During the apartheid rule, Black kids growing up in racially demarcated areas (“famously” called townships) found around cities, major towns and industrial areas within South African borders spoke at least 2 indigenous Black languages in order to fit in, make friends, fall in love and be able to enjoy the limited pleasures their locales provided. Indigenous multilingualism was by and large influenced by a confluence of the following factors – predominance of population groups in given areas (e.g. aMa-Zulu in KZN, aMa-Xhosa in Eastern Cape, Basotho in the Free State, Bapedi in Limpopo, etc); parents’ search for job opportunities and government-controlled economic migration that was driven by the need for labour in booming mining and manufacturing areas such as the Eastrand, Westrand and Johannesburg; intercultural marriages; general dominance of certain indigenous languages (e.g. isiZulu) over others (Tshivenda); and regulated SABC entertainment with widely popular TV dramas where dialogue was conducted in pure and singular indigenous languages – think of famous characters of the day including Mopheme, Nkwesheng, Ponko, Motsie, Raitlhwana, Deliwe, S’goloza, Nakampe (who later became Pakete in the story), Velaphi, Nolitye, Motlhalefi Molefe, etc – and where sub-titles did not apply. Through the various dramas, TV became an important medium for mass introduction and reinforcement of indigenous languages that average Black kids in some of the various parts of the country would not otherwise have been exposed to. Newly acquired words and phrases heard from the favorite TV characters would be practiced at home with family and especially siblings, friends in the streets where the kids played, and at school.

Indigenous Multilingualism

Talking in Tongues

Essentially, statutory confinement coupled with regulated entertainment during the apartheid era dictated that kids growing up in certain areas of the country had to speak multiple indigenous Black languages as part of developing their social skills. While this segregation system was abhorrent, indigenous Black multilingualism was the beneficiary.

As democracy set in in 1994, no one anticipated that this will lead to the current pervasive use of English and near-obliteration of indigenous South African languages in mostly the higher LSM Black families. Naturally, incidences of indigenous Black multilingualism are dwindling in this section of the population as a consequence. While the first democratically elected South African government introduced legislation officialising the 9 indigenous Black languages alongside English and Afrikaans, this has not stemmed the current declining usage of the former (this has been my observation and is also based on personal constant battle to keep the indigenous language flag flying high in my own family, and I welcome a debate whether this is indeed widespread).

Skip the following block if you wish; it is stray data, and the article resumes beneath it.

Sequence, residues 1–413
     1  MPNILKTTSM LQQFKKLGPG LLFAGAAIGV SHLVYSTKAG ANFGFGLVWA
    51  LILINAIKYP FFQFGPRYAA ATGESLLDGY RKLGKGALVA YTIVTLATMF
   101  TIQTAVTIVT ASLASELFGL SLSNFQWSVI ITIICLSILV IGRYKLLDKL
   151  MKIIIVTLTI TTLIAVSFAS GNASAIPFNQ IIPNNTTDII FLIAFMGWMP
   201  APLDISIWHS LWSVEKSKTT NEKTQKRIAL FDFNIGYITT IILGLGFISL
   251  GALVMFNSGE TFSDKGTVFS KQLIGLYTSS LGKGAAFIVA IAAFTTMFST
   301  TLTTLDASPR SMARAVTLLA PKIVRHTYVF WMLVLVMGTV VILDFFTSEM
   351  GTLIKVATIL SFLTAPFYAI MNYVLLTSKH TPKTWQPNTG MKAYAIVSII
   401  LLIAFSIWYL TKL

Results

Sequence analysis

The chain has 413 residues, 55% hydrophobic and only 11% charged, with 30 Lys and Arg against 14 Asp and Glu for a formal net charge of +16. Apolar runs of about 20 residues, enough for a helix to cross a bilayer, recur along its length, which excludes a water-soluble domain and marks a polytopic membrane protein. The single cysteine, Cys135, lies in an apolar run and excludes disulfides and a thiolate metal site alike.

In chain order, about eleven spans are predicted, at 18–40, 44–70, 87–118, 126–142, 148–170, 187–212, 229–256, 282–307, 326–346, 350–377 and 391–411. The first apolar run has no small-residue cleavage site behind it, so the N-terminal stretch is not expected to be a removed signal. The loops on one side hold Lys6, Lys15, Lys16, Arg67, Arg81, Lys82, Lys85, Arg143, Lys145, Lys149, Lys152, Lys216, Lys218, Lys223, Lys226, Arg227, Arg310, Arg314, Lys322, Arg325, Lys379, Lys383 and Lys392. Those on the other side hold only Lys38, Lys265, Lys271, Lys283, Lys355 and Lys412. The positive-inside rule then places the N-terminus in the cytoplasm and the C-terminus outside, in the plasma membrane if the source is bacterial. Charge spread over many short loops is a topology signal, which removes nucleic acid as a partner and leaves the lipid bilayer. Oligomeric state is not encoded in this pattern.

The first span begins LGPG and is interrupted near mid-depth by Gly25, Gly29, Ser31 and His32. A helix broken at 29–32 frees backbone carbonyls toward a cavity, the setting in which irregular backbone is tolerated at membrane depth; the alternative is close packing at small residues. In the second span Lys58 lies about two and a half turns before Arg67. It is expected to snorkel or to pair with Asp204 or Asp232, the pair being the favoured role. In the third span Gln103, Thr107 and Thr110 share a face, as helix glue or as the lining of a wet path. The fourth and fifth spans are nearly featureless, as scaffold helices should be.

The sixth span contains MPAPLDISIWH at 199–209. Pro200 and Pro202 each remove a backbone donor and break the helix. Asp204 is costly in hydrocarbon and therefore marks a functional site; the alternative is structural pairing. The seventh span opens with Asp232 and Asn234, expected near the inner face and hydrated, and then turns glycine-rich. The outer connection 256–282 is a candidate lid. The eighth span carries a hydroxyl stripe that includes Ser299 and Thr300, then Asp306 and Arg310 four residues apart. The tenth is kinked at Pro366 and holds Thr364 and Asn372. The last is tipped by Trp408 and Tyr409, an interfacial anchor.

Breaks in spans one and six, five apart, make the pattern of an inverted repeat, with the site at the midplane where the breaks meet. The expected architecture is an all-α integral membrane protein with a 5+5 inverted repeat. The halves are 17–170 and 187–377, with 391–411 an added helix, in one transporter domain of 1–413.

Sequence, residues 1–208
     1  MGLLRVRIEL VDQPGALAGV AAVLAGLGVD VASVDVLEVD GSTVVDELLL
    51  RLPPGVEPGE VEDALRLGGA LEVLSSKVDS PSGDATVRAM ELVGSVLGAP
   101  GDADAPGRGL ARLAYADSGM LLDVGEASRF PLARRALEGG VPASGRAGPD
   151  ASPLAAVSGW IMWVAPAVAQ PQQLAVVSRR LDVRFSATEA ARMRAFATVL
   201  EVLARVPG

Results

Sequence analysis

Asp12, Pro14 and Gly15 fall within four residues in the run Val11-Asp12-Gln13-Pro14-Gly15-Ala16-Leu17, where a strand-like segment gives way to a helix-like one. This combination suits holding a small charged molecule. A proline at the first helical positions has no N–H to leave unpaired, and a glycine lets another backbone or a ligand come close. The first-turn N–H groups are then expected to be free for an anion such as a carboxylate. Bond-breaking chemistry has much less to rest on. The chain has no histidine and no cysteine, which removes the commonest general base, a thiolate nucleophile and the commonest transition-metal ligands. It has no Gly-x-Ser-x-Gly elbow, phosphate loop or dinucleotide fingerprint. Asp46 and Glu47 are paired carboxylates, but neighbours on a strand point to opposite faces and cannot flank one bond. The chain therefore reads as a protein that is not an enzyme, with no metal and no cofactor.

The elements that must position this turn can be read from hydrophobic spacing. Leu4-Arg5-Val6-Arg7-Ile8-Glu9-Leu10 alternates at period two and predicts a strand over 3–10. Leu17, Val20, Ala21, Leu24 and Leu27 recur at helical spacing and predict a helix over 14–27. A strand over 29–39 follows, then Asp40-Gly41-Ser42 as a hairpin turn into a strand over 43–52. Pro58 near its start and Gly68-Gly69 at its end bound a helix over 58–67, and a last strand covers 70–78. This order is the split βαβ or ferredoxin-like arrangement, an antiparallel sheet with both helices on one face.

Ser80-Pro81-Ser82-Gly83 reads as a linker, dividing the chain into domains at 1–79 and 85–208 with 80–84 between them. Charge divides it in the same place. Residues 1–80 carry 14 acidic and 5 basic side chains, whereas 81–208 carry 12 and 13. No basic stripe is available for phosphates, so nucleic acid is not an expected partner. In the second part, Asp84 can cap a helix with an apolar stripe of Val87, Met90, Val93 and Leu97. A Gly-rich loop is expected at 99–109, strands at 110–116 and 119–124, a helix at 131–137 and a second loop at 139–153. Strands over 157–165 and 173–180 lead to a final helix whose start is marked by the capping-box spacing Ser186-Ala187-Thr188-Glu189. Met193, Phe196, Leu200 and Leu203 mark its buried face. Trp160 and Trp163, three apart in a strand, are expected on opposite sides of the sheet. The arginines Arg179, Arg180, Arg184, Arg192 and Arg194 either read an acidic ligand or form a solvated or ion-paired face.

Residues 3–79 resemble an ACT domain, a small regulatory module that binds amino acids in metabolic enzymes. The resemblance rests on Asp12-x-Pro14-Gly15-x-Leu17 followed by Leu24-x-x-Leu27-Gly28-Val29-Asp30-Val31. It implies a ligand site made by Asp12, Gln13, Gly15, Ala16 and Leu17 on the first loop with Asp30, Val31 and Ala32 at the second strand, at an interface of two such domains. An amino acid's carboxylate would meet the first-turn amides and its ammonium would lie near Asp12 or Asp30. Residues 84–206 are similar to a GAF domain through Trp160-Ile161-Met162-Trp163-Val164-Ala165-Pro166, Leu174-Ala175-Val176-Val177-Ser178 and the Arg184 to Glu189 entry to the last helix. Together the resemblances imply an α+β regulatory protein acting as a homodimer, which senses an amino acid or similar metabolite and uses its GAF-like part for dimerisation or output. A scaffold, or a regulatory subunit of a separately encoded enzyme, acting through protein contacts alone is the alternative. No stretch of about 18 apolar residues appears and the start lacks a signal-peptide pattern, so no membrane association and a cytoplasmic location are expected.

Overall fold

As Blacks are moving into suburbs and/or take their kids to previously White schools where English is the medium of instruction that also gets increasingly spoken in the Black homes – apparently as per school teachers’ advice that Black kids “need to practice the language at home so they can grasp it quickly and cope better in class” – the role of indigenous multilingualism is diminishing. To exacerbate matters, suburban Black kids live behind high walls at home and use digital gadgets that allow them to connect on MIXit and relevant social networks, and these replace physical contact with other Black kids where spoken word would be strengthened, hopefully using indigenous languages. In extreme cases, some Black parents speak only English in interactions with their kids, with the result that they (the kids) cannot speak any indigenous Black language (and this is a bad recipe for preserving a culture, as I wrote in my previous post titled Education, language and culture). For the majority of Black South Africans, the proliferation of TV channels that predominantly use English as a medium, and poetic license used in mixing indigenous languages with English in popular local dramas such as Generations, is putting a further nail in the indigenous multilingualism coffin.

In the final analysis; freedoms of choice, movement and association have dealt a blow to indigenous multilingualism. This has been lead by suburban social lifestyle, the school environment and TV that is still a big form of mass communication.

Should we be worried about the declining indigenous Black multilingualism?

My answer is a resounding yes! Ability to speak multiple indigenous languages is a basic requirement for broader social integration in a country as diverse as South Africa. In other cases, it is a key survival skill. Just ask Black South Africans who speak Xitsonga and Chivenda, and who are still forced to learn other indigenous languages to be able to “fit in”.  Or ask African refugees in South Africa, who face daily challenges due to their inability to communicate in local languages.

What is your view on indigenous multilingualism?


I am the founder of eNitiate Integrated Solutions, a digital marketing company. I am also co-founder of Nuffdotty and Diski4life.  I am an infopreneur, digital strategist, avid marketer, and an eternal student.

You can also check out my latest post on InMarketingSpeak, a blog about Marketers’ relationship with digital marketing.